Paul Whitington

South West Capes, WA

Paul Whitington
South West Capes, WA

Days 32-36: 6th-10th October

Well, we’re now as far west as our trip will take us - and in fact as far as it’s possible to go short of driving a long way north to Useless Loop. (Yes, there is actually a place with that name at the most westerly point on the Australian mainland - have a look on Google Maps).

We’ve spent the past few days exploring the chunk of land in the south-western corner of WA, which juts out into the Indian Ocean. WA Parks and Wildlife Service call this region the South West Capes. Cape Naturaliste is at the northern tip of South West Capes, Cape Leeuwin at the southern.


Cape Leeuwin

Cape Leeuwin is only a short drive from our first campsite in the South West Capes region, at Hamelin Bay. On the day we visited, the wind was howling. I’m guessing this is the normal state of affairs.

Knowing that we were looking out on the Indian Ocean - an exotic body of water for us east coasters - made this place quite special for us.


Looking north from Cape Leeuwin. The west coast of Western Australia starts here…

A Pacific Gull wends its way around Cape Leeuwin, completely at home in the wild conditions. In contrast, we struggled to stand upright.


Cape Leeuwin lighthouse. We arrived too late to do the guided tour. We had considered paying the entry fee so we could get a sighting of the Rock Parrots, which graze on the lawns alongside the lighthouse. That would have been a lifer.

Impressions of the South West Capes Region

This region has an interesting mix of natural and human-altered landscapes in a relatively small area.

The Leeuwin-Naturaliste National Park runs in a largely continuous strip along the coastline between Capes Leeuwin and Naturaliste. It includes a variety of habitat and vegetation types, ranging from coastal heathland to tall Karri and Jarrah forests.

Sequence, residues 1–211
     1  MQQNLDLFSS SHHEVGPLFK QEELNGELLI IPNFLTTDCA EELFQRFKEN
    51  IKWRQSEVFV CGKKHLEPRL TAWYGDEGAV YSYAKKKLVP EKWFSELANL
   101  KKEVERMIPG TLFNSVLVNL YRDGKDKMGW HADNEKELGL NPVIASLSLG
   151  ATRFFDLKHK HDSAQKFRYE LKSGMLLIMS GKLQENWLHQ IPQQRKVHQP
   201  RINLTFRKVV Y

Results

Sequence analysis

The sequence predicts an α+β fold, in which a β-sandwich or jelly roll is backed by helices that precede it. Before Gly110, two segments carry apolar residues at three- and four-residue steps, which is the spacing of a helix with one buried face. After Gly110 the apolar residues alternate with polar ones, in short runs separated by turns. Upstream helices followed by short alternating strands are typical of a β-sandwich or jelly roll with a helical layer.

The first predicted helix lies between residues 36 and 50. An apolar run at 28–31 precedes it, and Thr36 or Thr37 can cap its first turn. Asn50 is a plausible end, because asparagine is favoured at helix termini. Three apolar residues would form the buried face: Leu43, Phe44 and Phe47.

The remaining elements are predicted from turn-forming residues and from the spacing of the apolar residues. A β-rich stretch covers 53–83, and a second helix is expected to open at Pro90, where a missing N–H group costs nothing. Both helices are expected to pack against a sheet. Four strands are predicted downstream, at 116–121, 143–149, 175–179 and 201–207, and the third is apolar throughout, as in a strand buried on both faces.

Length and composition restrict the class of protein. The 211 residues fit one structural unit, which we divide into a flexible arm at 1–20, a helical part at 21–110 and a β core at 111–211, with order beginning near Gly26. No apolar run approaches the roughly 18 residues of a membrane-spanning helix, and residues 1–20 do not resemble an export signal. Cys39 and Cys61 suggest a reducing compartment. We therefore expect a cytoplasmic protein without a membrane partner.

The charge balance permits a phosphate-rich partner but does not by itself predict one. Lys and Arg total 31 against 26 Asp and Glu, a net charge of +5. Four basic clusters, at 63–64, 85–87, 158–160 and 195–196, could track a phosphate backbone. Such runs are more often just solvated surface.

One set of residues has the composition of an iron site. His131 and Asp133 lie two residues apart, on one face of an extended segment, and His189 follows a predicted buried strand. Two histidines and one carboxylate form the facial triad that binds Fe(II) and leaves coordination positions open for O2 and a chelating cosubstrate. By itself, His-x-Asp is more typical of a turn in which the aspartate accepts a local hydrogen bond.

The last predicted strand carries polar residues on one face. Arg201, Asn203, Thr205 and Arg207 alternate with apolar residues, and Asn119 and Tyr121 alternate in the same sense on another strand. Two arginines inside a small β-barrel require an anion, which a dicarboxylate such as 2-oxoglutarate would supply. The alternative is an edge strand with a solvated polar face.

Coastal heath in the Leeuwin-Naturaliste National Park, near Gracetown

The national park, together with several nature reserves on crown land, preserves a large area of unspoiled nature.

However there are many other land uses - potentially competing - in this region: the vineyards and wineries of Margaret River, dairying, hobby farms and, of course, tourism (that’s us!).

All of this activity gives this part of the world quite a different character to places we’ve visited on our WA trip to date. The contrast between the quiet roads of the South Coast and the heavy traffic on the Bussell Highway, which traverses the South West Capes region in a north-south direction, is striking.

It’s a busy place, even in mid-Spring, when the weather is quite indifferent. Don’t be fooled by the blue sky in some of my photos!

Hamelin Bay

Our first campsite, Hamelin Bay, is a popular tourist stop. It’s famous for its rays, which come into shore close enough that you can wade amongst them in knee-deep water. 


The rays swim alongside the ruins of a jetty, which was used to load karri and jarrah logs onto sailing ships for transport to England in the 19th century.

The coastline with its crumbling limestone cliffs reminds me of the landscape south of Adelaide. It may share a common geological history.


The bay next to Hamelin Bay is not too shabby either.